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Getting to know professors and being in a large amount of clubs on campus really just isn't my thing. I have yet to find the desire to go to a professor's office and start chatting with him. It produces anxiety, and I don't necessarily need any help...yet. I keep hearing from everyone, "Get to know your professors! Get involved! Do everything, blah blah blah!" Well, what if I don't? What if I go through my college years just getting good grades, playing intramural soccer and perhaps doing one internship? Then what? What if I never meet with my professors outside of my class?
 

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That's fine. Getting to know your professors doesn't mean becoming friends with them. It doesn't even mean having a coffee with them. Get to know how they think, read what they have written. You don't need to know that they're having problems at home and might be divorcing their wife. As for getting involved, doing the soccer and interning are both good. On the other hand if you come across a group that interests you, don't be afraid to try it out.
 

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fellow human
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Getting to know professors can help for recommendations for future jobs or graduate schools. You usually need three recommendations. But also finding out about what their research is about can also be interesting in itself.
 

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It's always a good idea to speak with your professors outside of class, so that you're not just another student. But it's not the end of the world if you don't. I didn't get to know any of my professors and I graduated just fine. In fact I've got 3 of them writing grad school recommendations for me right now. They were happy to do it even though I'm sure none of them really remember me.
 

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You could hang around the group of students that stay after to ask questions and act like you had one of the questions the professor answers for another student. Its better than nothing.
 

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You don't need to get to know your professors. There are jerk professors around. However you will find the others to be very interesting, often eccentric people who you feel relaxed around. Because you know they are too professional and too intelligent to be ignorant or arrogant to you.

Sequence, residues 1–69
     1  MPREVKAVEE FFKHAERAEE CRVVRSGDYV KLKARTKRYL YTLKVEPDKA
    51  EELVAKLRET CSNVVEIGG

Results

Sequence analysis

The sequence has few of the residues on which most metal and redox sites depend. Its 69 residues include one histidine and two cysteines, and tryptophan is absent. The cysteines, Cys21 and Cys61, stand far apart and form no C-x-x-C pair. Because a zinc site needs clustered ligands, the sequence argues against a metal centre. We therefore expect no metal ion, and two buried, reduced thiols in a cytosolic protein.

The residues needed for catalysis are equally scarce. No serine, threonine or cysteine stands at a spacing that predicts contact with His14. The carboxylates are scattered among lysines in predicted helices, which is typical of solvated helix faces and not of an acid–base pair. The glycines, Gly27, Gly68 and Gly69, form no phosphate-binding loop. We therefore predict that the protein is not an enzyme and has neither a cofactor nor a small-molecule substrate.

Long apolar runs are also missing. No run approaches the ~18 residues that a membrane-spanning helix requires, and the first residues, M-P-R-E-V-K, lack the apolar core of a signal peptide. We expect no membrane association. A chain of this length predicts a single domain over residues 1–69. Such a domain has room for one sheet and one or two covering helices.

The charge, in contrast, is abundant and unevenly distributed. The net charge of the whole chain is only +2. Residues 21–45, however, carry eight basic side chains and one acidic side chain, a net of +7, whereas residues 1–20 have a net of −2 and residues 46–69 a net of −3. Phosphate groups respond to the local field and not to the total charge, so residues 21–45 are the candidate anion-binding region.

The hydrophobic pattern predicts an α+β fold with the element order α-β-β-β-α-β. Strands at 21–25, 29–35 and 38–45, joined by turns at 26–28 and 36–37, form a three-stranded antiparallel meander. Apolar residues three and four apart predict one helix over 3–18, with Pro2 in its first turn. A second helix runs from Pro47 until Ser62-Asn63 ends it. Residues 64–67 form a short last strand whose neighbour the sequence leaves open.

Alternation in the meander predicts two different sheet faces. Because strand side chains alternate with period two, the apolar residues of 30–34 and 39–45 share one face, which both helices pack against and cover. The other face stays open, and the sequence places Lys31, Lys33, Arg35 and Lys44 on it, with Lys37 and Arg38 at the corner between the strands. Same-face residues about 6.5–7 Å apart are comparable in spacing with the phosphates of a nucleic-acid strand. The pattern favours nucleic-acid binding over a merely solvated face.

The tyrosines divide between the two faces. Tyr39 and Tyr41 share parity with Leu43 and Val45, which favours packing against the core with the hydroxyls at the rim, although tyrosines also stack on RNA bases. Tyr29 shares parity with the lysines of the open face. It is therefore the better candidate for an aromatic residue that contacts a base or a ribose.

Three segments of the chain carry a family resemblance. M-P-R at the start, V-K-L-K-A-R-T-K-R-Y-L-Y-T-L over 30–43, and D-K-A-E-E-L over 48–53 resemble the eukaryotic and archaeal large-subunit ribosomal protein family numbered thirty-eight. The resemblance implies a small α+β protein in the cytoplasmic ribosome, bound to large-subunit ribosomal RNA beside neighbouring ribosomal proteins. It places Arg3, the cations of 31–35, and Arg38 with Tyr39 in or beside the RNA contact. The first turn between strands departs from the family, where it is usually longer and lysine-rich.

Try asking them a question and see where it leads, you can usually tell the friendly ones just by their demeanor.

"You can tell a lot about someone's personality by how they are" - Harry Hill.
 

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It's good to try to get to know a couple profs senior year so you can use them as references for work or grad school once you graduate- but I don't think you have to worry about that freshman year.
 

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Getting to know professors and being in a large amount of clubs on campus really just isn't my thing. I have yet to find the desire to go to a professor's office and start chatting with him. It produces anxiety, and I don't necessarily need any help...yet. I keep hearing from everyone, "Get to know your professors! Get involved! Do everything, blah blah blah!" Well, what if I don't? What if I go through my college years just getting good grades, playing intramural soccer and perhaps doing one internship? Then what? What if I never meet with my professors outside of my class?
well i may be weird but im a huge suck up to my professors. and a lot of my professors are really cool. my chem professor is awesome. he stayed alone with me 2 hours after class ended. the first half hour we worked on problems i did not understand. then for an hour we talked about intelligence, IQ, and how i felt that mathematicians were smarter than english majors. he then continued to help me for another half hour. all of my professors are pretty much just as good, but im really starting to like this guy. id suggest definately talking i go to community college though so professors are usually much nicer.
 

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Sucking up to professors can pay off in some cases (namely the ones with huge egos to feed). However, I managed to get through undergrad just fine, despite being able to count on one hand the number of times I went to any profs' office hours. I also wasn't very involved in clubs or activities. If you manage to get good grades on your own merit and without asking questions, it shouldn't be much of a problem at all when it comes time to get a job. If you plan to continue to grad school as I did, knowing professors might come in more handy, but it's still not a necessity.
 
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